Of course, sleep is essential. That’s why we’ve created a whole guide about it! But sometimes, when it’s hard to fall asleep, it’s easy to stress about the sleep you’re missing out on. This can, unfortunately, get your mind and body worked up and keep you awake longer. Ultimately, it’s best to focus on relaxing rather than trying to force yourself to fall asleep.
Best Sleeping Practices
So, you’ve learned the mistakes you may be making that interfere with sleep. Now, what can you do to change your habits and get the best sleep you can? In this section, we’ll walk you through the best practices to improve sleep wellness.
Relax and Unwind Before Bed
Your mind and body can’t go right from the stresses of the day into sleep mode. They need the opportunity to slow down and relax before that can happen, so it's essential to give yourself time to unwind before you try to sleep.
Some ways to do this include:
- Avoid eating at least two hours before bedtime. It can be hard to know how long to wait to sleep after eating, but experts suggest at least 2 to 3 hours to give your body a chance to digest the food before you need to wind down.
- Get off electronics an hour or more before bedtime. As mentioned in the last section, these devices only stimulate the mind and body, not relax it.
- Create a relaxing environment. You might consider dimming the lights, lighting a candle, or putting on a white noise machine to help you relax.
- Do something non-stimulating instead. This might include reading, listening to calming music, stretching, taking a warm shower, or meditating.
Improve Your Sleeping Environment
Sometimes, the environment we sleep in can interfere with our ability to fall asleep. There are a few ways to optimize your sleeping environment so that you can fall asleep quickly and get a good night’s sleep, including:
- Keep your room slightly cool. A room that is too cold or too hot can make it hard to sleep soundly. The best AC temperature for sleeping is around 65 degrees Fahrenheit.
- Keep your room dark. You’ll want your room to be dark to signal to your body that it’s time to sleep. You might even consider using light-canceling curtains or a sleep mask to block out as much light as possible. If you need a nightlight while you sleep, the most relaxing light color for sleep is red, as our eyes are least sensitive to this color.
- Try to reduce noise. If you find outside noises disrupt your sleep out of your control, you might consider using a white noise machine or earplugs to lessen those noises.
- Only use your bed for sleeping and sex. Our brains learn to associate different places with different things. If you scroll through your phone, work on your laptop, or do other hobbies in your bed, your brain will begin to associate your bed with those activities too, and make it harder to fall asleep.
- Get out of bed when you’re having trouble falling asleep. Just like working or being on your phone in bed, staying in bed when you’re having trouble falling asleep can make your brain associate the bed with the stress of not being able to sleep. Instead, get up and go to another room until you start to feel sleepier.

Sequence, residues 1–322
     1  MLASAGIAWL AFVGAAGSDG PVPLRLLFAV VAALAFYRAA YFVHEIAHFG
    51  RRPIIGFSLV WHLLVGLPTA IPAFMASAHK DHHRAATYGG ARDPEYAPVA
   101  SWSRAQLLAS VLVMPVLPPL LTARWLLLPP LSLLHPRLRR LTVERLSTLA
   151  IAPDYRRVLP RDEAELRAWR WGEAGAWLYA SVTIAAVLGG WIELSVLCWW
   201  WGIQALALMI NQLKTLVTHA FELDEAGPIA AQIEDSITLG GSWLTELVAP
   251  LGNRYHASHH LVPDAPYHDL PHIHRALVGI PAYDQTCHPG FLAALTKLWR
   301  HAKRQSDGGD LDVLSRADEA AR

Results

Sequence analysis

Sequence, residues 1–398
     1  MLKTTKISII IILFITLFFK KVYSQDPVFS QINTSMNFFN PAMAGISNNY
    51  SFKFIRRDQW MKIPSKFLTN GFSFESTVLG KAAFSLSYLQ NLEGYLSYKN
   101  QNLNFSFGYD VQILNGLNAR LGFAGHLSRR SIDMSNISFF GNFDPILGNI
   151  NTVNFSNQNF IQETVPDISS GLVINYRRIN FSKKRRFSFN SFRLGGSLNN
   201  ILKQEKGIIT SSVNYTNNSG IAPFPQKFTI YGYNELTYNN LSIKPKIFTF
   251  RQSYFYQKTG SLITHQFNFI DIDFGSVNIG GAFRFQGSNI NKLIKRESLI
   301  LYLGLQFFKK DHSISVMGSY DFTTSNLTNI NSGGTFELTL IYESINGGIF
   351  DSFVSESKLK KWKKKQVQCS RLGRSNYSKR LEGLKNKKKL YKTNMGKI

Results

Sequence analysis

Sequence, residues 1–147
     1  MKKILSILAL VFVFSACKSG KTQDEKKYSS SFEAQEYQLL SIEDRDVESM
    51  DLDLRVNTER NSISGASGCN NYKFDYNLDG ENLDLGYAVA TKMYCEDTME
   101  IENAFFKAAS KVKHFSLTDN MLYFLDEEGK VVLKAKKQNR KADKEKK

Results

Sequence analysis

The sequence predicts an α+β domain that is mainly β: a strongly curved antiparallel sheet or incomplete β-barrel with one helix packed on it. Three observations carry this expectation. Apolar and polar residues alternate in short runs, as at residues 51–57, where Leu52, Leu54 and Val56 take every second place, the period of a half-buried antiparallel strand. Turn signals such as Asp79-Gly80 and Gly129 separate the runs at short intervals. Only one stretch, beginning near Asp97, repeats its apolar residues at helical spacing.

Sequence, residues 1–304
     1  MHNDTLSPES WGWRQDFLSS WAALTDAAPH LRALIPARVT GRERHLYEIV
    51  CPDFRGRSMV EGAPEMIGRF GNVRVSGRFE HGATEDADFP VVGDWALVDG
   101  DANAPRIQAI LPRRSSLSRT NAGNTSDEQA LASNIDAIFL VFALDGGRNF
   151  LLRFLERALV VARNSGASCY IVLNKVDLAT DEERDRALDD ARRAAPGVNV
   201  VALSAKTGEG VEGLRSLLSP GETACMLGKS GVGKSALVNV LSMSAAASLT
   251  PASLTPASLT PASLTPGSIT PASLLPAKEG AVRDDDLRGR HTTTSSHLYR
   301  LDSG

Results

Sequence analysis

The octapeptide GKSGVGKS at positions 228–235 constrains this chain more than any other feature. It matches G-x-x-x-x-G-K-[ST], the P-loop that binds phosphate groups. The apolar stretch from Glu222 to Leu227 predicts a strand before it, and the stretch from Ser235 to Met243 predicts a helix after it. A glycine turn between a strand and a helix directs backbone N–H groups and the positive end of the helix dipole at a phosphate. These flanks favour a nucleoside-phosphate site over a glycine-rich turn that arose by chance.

- Make sure your bed is comfortable. You’ll want enough room to stretch and turn. If you often wake up feeling sore, you might consider experimenting with different mattress toppers, pillows, and support cushions.
Get on a Consistent Sleep-Wake Schedule
Like we mentioned in the previous section, it’s crucial to have a consistent, healthy sleep-wake schedule. To do this, you’ll want to go to sleep and wake up at the same time each day, even on weekends and days off. Try not to stay up late or sleep in, even if you want to. Having an inconsistent schedule can throw your body off track and make it harder to fall asleep or wake up when you have to.
When Should I Go To Sleep?
There isn’t one “correct” time to go to sleep or wake up. The most important thing is that you go to bed at a time that allows you to get the amount of sleep necessary for your age group. Determine what time you have to wake up, and subtract the required hours (7 to 9 for most adults) to figure out when the best time is for you to go to sleep. Be sure to account for the time it usually takes you to fall asleep, too. On average, it takes people 14 minutes to fall asleep.
It can also help to wake up in between sleep cycles, rather than in the middle of one. This sleep cycle calculator can help you determine when you should fall asleep and wake up to do that.
How to Reset Your Sleep Schedule
If your sleep-wake schedule is disrupted, it can be hard to get it back to normal. You may find yourself sleeping and waking up at odd hours. When you’re awake, you feel sleep deprived and crave long naps. Here’s how to get yourself back to normal:
- Control light exposure. One way to reset your sleep schedule is to use a lightbox or other form of light therapy. The key is to expose yourself to natural and bright light during the day and limit your exposure to light in the evening. Once the sun sets, dim the lights and stay away from electronics that expose you to blue light. This helps alert your body of when to sleep and when to be awake.